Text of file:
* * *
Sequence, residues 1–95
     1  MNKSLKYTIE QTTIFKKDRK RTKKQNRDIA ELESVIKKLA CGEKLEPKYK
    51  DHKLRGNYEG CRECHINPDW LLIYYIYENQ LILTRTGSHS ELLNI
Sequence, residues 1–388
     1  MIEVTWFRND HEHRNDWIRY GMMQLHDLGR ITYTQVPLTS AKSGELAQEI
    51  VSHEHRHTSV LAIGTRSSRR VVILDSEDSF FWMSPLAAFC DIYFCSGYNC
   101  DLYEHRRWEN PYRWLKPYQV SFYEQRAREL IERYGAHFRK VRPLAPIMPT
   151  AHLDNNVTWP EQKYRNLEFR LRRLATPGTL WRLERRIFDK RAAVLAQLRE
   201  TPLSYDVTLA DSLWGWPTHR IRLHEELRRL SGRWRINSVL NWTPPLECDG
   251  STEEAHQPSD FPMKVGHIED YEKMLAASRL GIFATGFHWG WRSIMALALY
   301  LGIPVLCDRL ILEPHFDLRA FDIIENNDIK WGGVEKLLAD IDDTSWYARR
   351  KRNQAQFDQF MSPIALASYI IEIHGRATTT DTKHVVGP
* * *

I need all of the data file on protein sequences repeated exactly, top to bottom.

Sequence, residues 1–95
     1  MNKSLKYTIE QTTIFKKDRK RTKKQNRDIA ELESVIKKLA CGEKLEPKYK
    51  DHKLRGNYEG CRECHINPDW LLIYYIYENQ LILTRTGSHS ELLNI
Sequence, residues 1–388
     1  MIEVTWFRND HEHRNDWIRY GMMQLHDLGR ITYTQVPLTS AKSGELAQEI
    51  VSHEHRHTSV LAIGTRSSRR VVILDSEDSF FWMSPLAAFC DIYFCSGYNC
   101  DLYEHRRWEN PYRWLKPYQV SFYEQRAREL IERYGAHFRK VRPLAPIMPT
   151  AHLDNNVTWP EQKYRNLEFR LRRLATPGTL WRLERRIFDK RAAVLAQLRE
   201  TPLSYDVTLA DSLWGWPTHR IRLHEELRRL SGRWRINSVL NWTPPLECDG
   251  STEEAHQPSD FPMKVGHIED YEKMLAASRL GIFATGFHWG WRSIMALALY
   301  LGIPVLCDRL ILEPHFDLRA FDIIENNDIK WGGVEKLLAD IDDTSWYARR
   351  KRNQAQFDQF MSPIALASYI IEIHGRATTT DTKHVVGP